So, since the time loop is something of a bust, The Forgotten City is left to live or die as the thing it most strongly resembles: a regular first-person adventure game. Here, at least, it shows some backbone. I was a little less taken with its cod-philosophical discussions around what constitutes a sin than I suspect the writers thought I would be, largely because I remember having almost exactly the same debate with my RE teacher when I was 12. The story leans heavily on Roman and Greek mythology and The Forgotten City is well-versed in the fine detail of Roman society, and this too might have been more impressive if I had played literally no other videogames ever; as things stand it’s an extremely thoroughly-mined setting and I’d seen most of it before, but that’s not particularly The Forgotten City’s fault.
What it does do well, though, is use The Golden Rule to create a constant sense of omnipresent dread. No matter where you go in the city, you’re constantly reminded that this is a community with the Sword of Damocles hanging over it. Those golden statues are everywhere, and from the poses they’ve been frozen in you can tell that most of these people did not die well. Some of them will whisper to you from time to time, which is both a bit creepy and also functions as the game’s hint system. Occasionally you’ll hear a grinding noise as the head of one or more statues turns to face you; they are also watching you, it seems. The outwardly-bizarre premise of The Golden Rule is the most interesting thing about The Forgotten City by some considerable distance, and it tries to leverage that weirdness for all that it’s worth; occasionally it makes a misstep, as it does with an extremely ill-advised segue into horror about halfway into the game, but mostly it succeeds in projecting this feeling of eerie wrongness without becoming properly oppressive the way something like Pathologic 21 does.
And for all that I slated its take on the time loop concept, The Forgotten City does at least seem to understand the value of reactivity and branching narrative. Going through the same conversation tree on successive loops is often not necessary, as the game will offer you a “Let’s skip to the point” dialogue option. If you start a new loop and go and talk to someone you got a quest objective from on a previous loop, you can short circuit the entire quest chain up to that point and just give them the thing that they asked for. They’ll respond with a bit of a hand-wavy “Oh, uh, I don’t know how you know I’d need that, but thanks anyway!” voice line, but in general The Forgotten City is extremely good at not wasting the player’s time by making them pointlessly repeat things they already did on previous loops — later on you can even ask someone to go off and complete entire quest chains that you know the solution for on your behalf, while you yourself get on with the actually new stuff. And the really nice thing about this is that the game doesn’t just set the completion flags for those quests to TRUE, he’ll actually go off and do them in real-time! If you follow him around the city while he does so you’ll see that he’s got custom dialogue for them too; it’s a great little touch that, while a tad artificial — why is this guy just unquestioningly following orders from a person he’s never met before? — is very respectful of the player’s time. And since I happen to value my time quite highly, it means I’m considerably better disposed towards The Forgotten City’s otherwise wasteful use of the time loop than I was Deathloop’s. At least The Forgotten City didn’t make it onerous.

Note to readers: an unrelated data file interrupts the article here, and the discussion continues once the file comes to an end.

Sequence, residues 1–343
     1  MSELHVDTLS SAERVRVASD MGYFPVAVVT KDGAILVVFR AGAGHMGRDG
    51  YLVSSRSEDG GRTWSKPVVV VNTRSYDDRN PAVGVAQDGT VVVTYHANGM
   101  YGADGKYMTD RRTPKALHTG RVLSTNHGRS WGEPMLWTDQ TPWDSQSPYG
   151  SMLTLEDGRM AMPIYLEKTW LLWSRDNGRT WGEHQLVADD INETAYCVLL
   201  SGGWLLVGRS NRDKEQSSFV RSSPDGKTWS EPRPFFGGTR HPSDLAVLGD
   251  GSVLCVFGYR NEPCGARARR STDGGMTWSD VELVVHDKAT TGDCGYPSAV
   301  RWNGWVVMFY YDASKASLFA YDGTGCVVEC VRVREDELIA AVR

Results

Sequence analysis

Regarding that branching narrative: the end goal of The Forgotten City is to escape the city, and the game provides several ways of doing this. The intended one is that you spend a few hours talking to everyone, solving their problems and building up enough backstory to uncover the truth behind The Golden Rule, and eventually free both you and everyone else from its grasp. There are alternate ways of getting out, however, two of which are signposted pretty prominently on the critical path (in fact most people are probably going to hit one of the alternates before reloading to get the true, canon ending), but the last is pretty sneaky and is the one thing in the game that actually leverages the time loop in a halfway-imaginative fashion; it’s just a shame that it’s relegated to what is effectively a “secret” ending for the game that only a minority of players will end up seeing. There’s also a fair chunk of optional dialogue and questlines that give you more context on the motivations of various people in the city which, while it may not change the ultimate outcome of the game, will drastically change your perception of the game, This material doesn’t feel extraneous the way Deathloop’s optional content did; it’s well worth exhausting everything in your quest log before finishing the game, and then going around and talking to everyone one last time, as this is the only way you’ll get the full picture of what’s going on.
I think that The Forgotten City has benefited greatly from two things here. One is that I knew practically nothing about it going in except for the Roman theming, The Golden Rule and that it involved time travel in some way. Since I had no expectations2 it was very difficult to be disappointed with what I got: a competent and pleasantly reactive yet otherwise largely unexceptional adventure game. The other is that I probably would have gone in rather harder on The Forgotten City’s failings around the use of its time loop regardless, if I hadn’t very recently also played Deathloop. Both games fumble the idea badly in terms of mechanics and puzzle solutions, but The Forgotten City’s take on it is at least better than Deathloop’s, with multiple paths through the game possible and even a few meaningful secrets to find. Ultimately neither game can hold a candle to the spectacular Outer Wilds3; however, The Forgotten City has a bit more to offer than just its time loop, and so if you think of it as an adventure game rather than a time loop game then it’s a perfectly respectable way to spend 6-7 hours of your time.
- Which I still haven’t played beyond the first hour because I really need to be in the right frame of mind for it. ↩
- Although I was expecting rather more from a game with a 97% positive rating on Steam. ↩
- And to be completely fair to both games even Outer Wilds has trouble doing this, as its recent underwhelming DLC expansion proved. ↩